Blockades at Amulsar, July 2018: With developers Lydian International proposing the use of cyanide as part of the Amulsar Gold Mine Project, an extractor chute is already feeding dust and sludge from land with naturally occurring acid drainage into the expensively built Kechut Reservoir. Despite the fact that this body of water feeds Lake Sevan, the largest freshwater body in the Caucasus, Lydian denies any impact on the environment in this deeply interconnected ecosystem.
Church of the Holy Mother of God: built in 1828 to replace an earlier construction dating from the thirteenth century which was destroyed in the earthquake of 1826, the church is a checkerboard of orange and black tufa stones. One of the few churches to remain active during Soviet times, in the overgrown graveyard ancient khachkars compete for space with some intriguing more modern headstones, one of which bore more than a passing resemblance to Stalin. All share a downriver view of the sprawlin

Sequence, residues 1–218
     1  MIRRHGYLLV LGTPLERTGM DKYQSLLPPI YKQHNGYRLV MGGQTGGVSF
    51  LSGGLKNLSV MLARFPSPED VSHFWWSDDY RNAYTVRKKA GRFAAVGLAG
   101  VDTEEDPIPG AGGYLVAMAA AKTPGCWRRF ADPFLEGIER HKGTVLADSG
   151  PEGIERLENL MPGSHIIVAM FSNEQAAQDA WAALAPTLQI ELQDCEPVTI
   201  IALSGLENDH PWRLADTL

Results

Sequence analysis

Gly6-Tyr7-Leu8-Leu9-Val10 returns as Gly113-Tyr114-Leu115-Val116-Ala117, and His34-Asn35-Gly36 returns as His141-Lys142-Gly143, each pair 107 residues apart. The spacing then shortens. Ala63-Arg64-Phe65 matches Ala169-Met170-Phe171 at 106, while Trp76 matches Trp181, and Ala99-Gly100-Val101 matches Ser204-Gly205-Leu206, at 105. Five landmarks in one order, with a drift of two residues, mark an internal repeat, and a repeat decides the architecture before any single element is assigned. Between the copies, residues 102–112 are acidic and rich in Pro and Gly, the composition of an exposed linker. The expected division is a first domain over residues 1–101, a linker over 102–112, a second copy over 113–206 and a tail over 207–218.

The Writers House where Vasily Grossman stayed whilst writing 'An Armenian Sketchbook' in 1962.
The Iron Fountain designed by the Armenian architect Artur Tarkhanyan in 1982 used to be the centre of the University of Gyumri campus. After the earthquake of 1988, it was the only thing left standing. Thirty years on, people are still living in metal containers in a wasteland on the edge of town.
Eighty-one-year-old Gayane and eighty-seven-year-old Karmen have lived in the same half-collapsed block since the earthquake of 1988. Now a Russian oligarch wants to evict them to expand his luxury hotel.
People still live in this collapsed block. ‘The building crumbled during the earthquake, but it didn't fall to pieces like it is today,’ eighty-seven-year-old Karmen explained. ‘It was the people who moved in after the earthquake and took the beams from the roof to sell as firewood.’
All images copyright Stephen M. Bland